Surge in carbon price disclosure shows climate change heading mainstreamOctober 2015
Corporations behind everyday brands of toothpaste, soup, light-bulbs, gasoline, cars and computers are assigning a price to their carbon emissions to offset the costs and risks of their greenhouse gas production, according to new disclosures provided to CDP, the global non-profit which gathers environmental data on behalf of investors.
Major multinationals including Allergan, Campbell’s Soup, Colgate-Palmolive, Stanley Black & Decker, Exxon Mobil, General Electric, Nestlé, Microsoft, and Nissan are among the 437 companies included in CDP’s new report, which illustrates the mainstreaming of climate change concerns as a line item in public companies’ budgeting and strategic planning.
CDP saw a tripling in the number of companies reporting that they price their greenhouse gas (GHG) emissions over last year (437 up from 150 in 2014), highlighting the inexorable rise of big name brands across all industries putting a price on their climate risk.
An additional 583 companies state they plan to use an internal carbon price within the next two years, including Yahoo! and China’s power giant, CLP Holdings Ltd. Together, over 1,000 companies are now disclosing to their key stakeholders that they currently price their carbon emissions – or intend to in the next two years – to try to meet their climate change risks.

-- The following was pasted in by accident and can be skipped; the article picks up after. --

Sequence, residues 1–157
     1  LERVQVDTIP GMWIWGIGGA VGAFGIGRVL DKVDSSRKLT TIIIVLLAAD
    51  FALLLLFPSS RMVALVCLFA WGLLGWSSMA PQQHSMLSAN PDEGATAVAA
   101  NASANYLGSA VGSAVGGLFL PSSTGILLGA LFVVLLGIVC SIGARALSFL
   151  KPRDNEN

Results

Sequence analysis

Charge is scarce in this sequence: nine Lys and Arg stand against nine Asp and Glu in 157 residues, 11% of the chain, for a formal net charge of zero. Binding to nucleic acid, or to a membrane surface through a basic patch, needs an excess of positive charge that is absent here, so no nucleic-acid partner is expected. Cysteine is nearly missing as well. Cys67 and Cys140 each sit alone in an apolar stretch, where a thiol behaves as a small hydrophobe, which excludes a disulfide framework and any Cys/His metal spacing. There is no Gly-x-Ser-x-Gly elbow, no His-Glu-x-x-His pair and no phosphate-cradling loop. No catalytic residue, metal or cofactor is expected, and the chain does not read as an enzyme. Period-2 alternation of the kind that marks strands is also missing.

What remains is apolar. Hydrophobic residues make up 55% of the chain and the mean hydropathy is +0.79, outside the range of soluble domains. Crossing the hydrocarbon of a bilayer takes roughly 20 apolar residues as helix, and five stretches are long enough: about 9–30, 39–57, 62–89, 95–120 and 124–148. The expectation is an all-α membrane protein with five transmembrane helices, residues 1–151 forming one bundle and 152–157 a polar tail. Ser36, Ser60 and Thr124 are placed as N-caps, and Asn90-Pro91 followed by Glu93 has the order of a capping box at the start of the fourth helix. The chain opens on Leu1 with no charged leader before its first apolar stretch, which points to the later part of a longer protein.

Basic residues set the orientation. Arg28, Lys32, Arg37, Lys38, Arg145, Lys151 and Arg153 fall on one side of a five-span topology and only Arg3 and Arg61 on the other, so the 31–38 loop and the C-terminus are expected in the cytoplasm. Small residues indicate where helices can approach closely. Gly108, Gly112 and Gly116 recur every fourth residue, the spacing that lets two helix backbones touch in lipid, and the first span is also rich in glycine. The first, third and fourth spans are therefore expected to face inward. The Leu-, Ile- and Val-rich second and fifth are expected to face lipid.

In Asia, over ten times as many corporations disclosed they put an internal price on their carbon emissions this year - 93 in total up from 8 in 2014 – pointing to the influence of China’s expected carbon trading scheme and the new carbon market in South Korea. Among them are LG in TV and telecom, IT giant NEC, and Hitachi.
An internal price on carbon - where a price is applied to each tonne of CO2 - is used as a planning tool by businesses across all industries and geographies, with the majority in Europe and strong representation from North America.
“Contrary to conventional belief, companies would welcome regulatory certainty and are planning for mandatory emissions limits in the future,” commented Paula DiPerna, special advisor to CDP and a carbon-pricing expert. “CDP’s ongoing tracking of carbon pricing by companies is indispensible to illuminating how companies act.”
CDP’s standardized data enables investors to compare one company to another on environmental risk, to measure a company’s progress over time, and to include or exclude companies from sophisticated portfolio and index-based investments.
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